The 1921 Tulsa Race Massacre scorched the successful business district of Greenwood, known as Black Wall Street
The world’s eyes are on Tulsa. As the city makes plans to commemorate the 1921 Tulsa Race Massacre, a 30-year-old hip-hop scholar is on a mission to honor Black Wall Street through music while celebrating the city’s emerging hip-hop scene.
Stevie “Dr. View” Johnson, a producer, DJ and academic, is one the driving forces behind “Fire in Little Africa,” a compilation hip-hop album and documentary commemorating the centennial of Tulsa’s Greenwood massacre. Johnson is a newcomer to Tulsa but is on a spiritual mission to help the city remember and heal.
“I pay attention to Greenwood and the sacred ground we’re on,” Johnson said. “People might think I’m crazy, but I truly believe this is something the ancestors of Black Wall Street genuinely want to see…We need this project to be a starting point to really having critical conversations about the massacre.”
When he took the job, Johnson’s first priority was to find creative ways to engage the community in commemorating the massacre that led to hundreds of deaths and the destruction of the prosperous African American neighborhood of Greenwood, known as Black Wall Street. On May 31 and June 1 of 1921, white residents attacked Greenwood and burned down 40 square blocks of the neighborhood after false claims that a teenage Black shoeshiner attempted to rape a white elevator operator at a Tulsa office building.
For Johnson, the best way to remember the massacre is through music — specifically, Tulsa’s unique and powerful hip-hop scene.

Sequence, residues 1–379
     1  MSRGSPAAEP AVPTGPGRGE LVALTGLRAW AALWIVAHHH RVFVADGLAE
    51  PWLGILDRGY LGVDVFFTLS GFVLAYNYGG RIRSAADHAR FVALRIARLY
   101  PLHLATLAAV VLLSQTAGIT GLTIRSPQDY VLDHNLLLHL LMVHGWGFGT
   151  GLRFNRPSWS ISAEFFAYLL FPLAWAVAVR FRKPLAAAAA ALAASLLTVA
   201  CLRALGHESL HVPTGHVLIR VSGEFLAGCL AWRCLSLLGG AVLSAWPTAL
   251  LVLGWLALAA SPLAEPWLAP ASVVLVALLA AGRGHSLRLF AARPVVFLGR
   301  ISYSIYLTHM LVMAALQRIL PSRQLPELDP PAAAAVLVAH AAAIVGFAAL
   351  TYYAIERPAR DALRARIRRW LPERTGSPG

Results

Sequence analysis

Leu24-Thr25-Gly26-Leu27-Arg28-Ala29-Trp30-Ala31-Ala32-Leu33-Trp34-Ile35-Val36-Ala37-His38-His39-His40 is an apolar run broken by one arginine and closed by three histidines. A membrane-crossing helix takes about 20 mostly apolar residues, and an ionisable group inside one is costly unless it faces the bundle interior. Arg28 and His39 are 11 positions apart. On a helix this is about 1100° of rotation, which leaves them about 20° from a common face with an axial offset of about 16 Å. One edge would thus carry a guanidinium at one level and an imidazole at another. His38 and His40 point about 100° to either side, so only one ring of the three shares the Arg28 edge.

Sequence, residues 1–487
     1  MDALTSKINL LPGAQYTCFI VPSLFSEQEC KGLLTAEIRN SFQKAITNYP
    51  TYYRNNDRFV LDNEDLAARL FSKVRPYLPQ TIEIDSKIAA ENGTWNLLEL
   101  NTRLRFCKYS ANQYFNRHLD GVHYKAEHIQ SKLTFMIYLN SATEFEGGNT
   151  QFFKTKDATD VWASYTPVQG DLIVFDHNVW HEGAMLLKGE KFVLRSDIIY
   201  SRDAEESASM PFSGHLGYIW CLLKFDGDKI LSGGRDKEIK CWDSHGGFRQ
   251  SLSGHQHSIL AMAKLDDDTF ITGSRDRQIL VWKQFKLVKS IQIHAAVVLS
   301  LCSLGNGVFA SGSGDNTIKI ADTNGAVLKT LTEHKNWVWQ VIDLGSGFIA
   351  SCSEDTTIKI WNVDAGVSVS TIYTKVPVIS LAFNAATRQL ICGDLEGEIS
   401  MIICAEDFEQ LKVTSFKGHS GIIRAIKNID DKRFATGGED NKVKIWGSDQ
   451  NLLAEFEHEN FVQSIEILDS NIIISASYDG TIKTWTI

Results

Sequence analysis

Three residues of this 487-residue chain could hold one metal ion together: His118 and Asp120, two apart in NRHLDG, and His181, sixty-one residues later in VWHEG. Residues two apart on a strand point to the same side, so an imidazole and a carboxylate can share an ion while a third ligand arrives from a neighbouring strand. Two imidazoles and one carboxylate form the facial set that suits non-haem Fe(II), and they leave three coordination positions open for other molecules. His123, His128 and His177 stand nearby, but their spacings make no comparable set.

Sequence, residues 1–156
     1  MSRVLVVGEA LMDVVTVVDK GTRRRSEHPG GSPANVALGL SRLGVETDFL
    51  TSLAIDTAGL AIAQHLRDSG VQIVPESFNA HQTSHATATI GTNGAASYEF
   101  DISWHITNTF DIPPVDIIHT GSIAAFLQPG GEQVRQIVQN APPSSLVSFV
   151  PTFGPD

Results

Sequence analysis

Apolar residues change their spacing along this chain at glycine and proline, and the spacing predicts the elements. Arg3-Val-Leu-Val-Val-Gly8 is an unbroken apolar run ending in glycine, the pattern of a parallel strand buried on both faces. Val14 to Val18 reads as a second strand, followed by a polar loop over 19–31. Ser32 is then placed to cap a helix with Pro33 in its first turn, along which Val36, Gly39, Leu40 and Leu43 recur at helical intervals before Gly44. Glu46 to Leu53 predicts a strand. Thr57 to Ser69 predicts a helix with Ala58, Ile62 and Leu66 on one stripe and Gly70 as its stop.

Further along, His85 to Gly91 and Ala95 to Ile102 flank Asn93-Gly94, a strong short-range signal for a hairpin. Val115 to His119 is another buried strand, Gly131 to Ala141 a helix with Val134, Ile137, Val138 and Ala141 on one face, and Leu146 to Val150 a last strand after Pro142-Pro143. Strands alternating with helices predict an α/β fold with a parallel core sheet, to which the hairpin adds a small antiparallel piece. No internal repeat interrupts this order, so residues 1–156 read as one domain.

‘Tulsa wasn’t even on my radar’
Originally from Longview, Texas, Johnson moved to Oklahoma in 2007 to attend the University of Oklahoma, where he earned his bachelor’s and two graduate degrees. Johnson’s PhD dissertation looked at anti-Black experiences at majority white colleges and universities. He produced a hip-hop album designed to reach students and parents in addition to his written work.
“I wanted to make it accessible to the people who needed it most,” he said.
Johnson was planning to return to Texas with his family after completing his PhD program last spring.
“Tulsa wasn’t even on my radar,” he said.
Johnson connected with the Woody Guthrie Center through a college friend who sensed that his graduate work would mesh with the center’s mission. Johnson admits he had reservations about moving into the predominantly white museum world after more than a decade in academia. Both nonprofits are funded by a philanthropic foundation launched by oil billionaire George Kaiser.
“I had a lot of questions: two predominantly white museums, folk music — why me?” Johnson said. “They told me it’s not necessarily talking about their music but the themes that are in their music. That allowed me to be more comfortable.”
Johnson was hired as Manager of Education and Diversity Outreach for the Guthrie and Dylan centers in 2019. And he moved to Tulsa with his wife and son. The family stayed in the historic Greenwood district while they closed on their house in North Tulsa. And Johnson immersed himself in the spiritual heartbeat of the community as he moved forward with the “Fire in Little Africa” project.
“I felt like something was on the cusp, on the verge of happening,” he said “I’ve truly just learned to listen to that intuition.”
Johnson was hired to help a pair of well-endowed museums build bridges with the Tulsa community. And “Fire in Little Africa” was his first big step. Jumping off his 2019 dissertation project and inspired by the rapper and philanthropist J. Cole’s 2014 compilation album “Revenge of the Dreamers,” Johnson knew that a collaborative hip-hop album commemorating Black Wall Street would have the most impact.
“I feel like it’s part of my responsibility to bring something to the city of Tulsa,” Johnson said. “I hit the ground running and connected with artists. We developed a plan and an executive team and a strategy of inviting other artists to be part of it.”
Johnson also wanted to boost exposure for Tulsa’s critically acclaimed hip-hop scene, one reason Rolling Stone magazine suggested Tulsa “might be the next Austin” in an article earlier this year.